Here's How to Prepare Your References for HR's Call
The HR Department Will Appreciate Your Advance Preparation
Prepping your references can make all the difference in whether you get the job you want—or not. A positive reference check is a priority in the hiring decisions of many employers. A reference check is their only opportunity to receive, hopefully frank, direct feedback about you and your history of job performance.
This information is essential as your prospective Human Resources department makes the determination that your skills and experience will be a good fit for the job.
They also need to know whether your professionalism and work style are a good fit for their company culture.
How to Properly Prepare Your References
Several steps can significantly help you prepare your potential references to truly reinforce your professionalism and competence when they are contacted by prospective HR departments or bosses.
- To prepare your references properly, ask to make sure that the individual wants to serve as a reference for you. If the person agrees, tell them what areas of your strengths and contributions you'd like them to emphasize when they are called by prospective employers. This will help them know what to say so that they can help you land your dream job.
- Ask your references what they will say about you when the call comes from HR. You will appreciate knowing what your reference believes positively about you. Their thoughts also tell you what the background checker will find.
- Do make sure that your references are prepared to respond favorably when the potential employer calls to do a reference check. Ask your references if they'd like a heads up from you when you expect HR will call them. Some will so that they feel adequately prepared; others are comfortable talking off the cuff when called to support your candidacy. Most won't, but asking is smart.
Your call to your references to discuss these three matters gives you the opportunity to emphasize how important their timely response is to your job search. It also gives you the opportunity to describe the job, why you want the job, and how they can help you obtain the job.
Reference Checking Gone Awry
A midwestern manufacturing company had eliminated the competition and settled upon two candidates for their open job. Both candidates were superficially well-qualified. However, reference checks and background checks are a critical component before making any job offer.
They started with a reference check of their preferred candidate. She had the field to herself until it took the company three weeks to check her references. A second qualified candidate had also come to their attention during this extended reference check time period.
What did the primary candidate do wrong? She included no reference phone numbers on her application nor on her resume. Her listed references were coworkers, not bosses, so HR had to dig for the numbers of her former supervisors.
Indeed, HR had to dig for the phone numbers of her listed references. Several references never returned the company's phone calls for over two weeks.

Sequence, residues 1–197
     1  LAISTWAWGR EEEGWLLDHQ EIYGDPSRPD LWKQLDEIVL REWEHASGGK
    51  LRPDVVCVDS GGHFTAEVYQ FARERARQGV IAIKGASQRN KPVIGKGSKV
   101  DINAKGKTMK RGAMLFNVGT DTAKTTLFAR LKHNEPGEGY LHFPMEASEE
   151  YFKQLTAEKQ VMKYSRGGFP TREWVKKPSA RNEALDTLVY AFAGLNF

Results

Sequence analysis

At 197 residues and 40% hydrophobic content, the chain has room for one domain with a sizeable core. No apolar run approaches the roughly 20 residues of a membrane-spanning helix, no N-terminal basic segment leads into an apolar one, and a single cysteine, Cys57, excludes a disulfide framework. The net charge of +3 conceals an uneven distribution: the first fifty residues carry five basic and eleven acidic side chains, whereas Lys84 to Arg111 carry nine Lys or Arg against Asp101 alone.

HR finally had to loop the candidate in to get her help to contact the references. She should have been on this before HR started calling to check the references. Her references should have known that they would receive calls.
They should have been informed about how important their participation was in the decision about whether the candidate would receive a job offer. The reference checks and their preparation should have been a priority for the candidate.
Instead, she let another candidate get her foot in the door and she lost her stated dream job. The primary candidate truly blew it. The second candidate, who was identified during the reference checking delay, was hired for the position.
The employer kindly provided feedback to the candidate who was initially their first choice. Hopefully, she took it to heart and changes her approach to managing and sharing her references.
Final Thoughts on Prepping References
Prep your references. Make sure they know that you expect the potential employer will call. According to Alison Doyle, Job Search Expert:
"According to a Society for Human Resource Management (SHRM) survey more than eight of ten human resource professionals said that they regularly conduct reference checks for professional (89%), executive (85%), administrative (84%) and technical (81%) positions. Regular reference checks were less likely, but still probable, for skilled-labor, part-time, temporary and seasonal positions. Information routinely provided to references checkers by surveyed employers included dates of employment, eligibility for rehire, salary history, and employability."
These are the types of questions the potential employer will ask when they call your references.
Make sure that your references are ready to answer these questions—in a timely, optimistic, positive, honest, open manner. Tell your references to please chat up your strengths. They can make all of the difference in whether you get your dream job.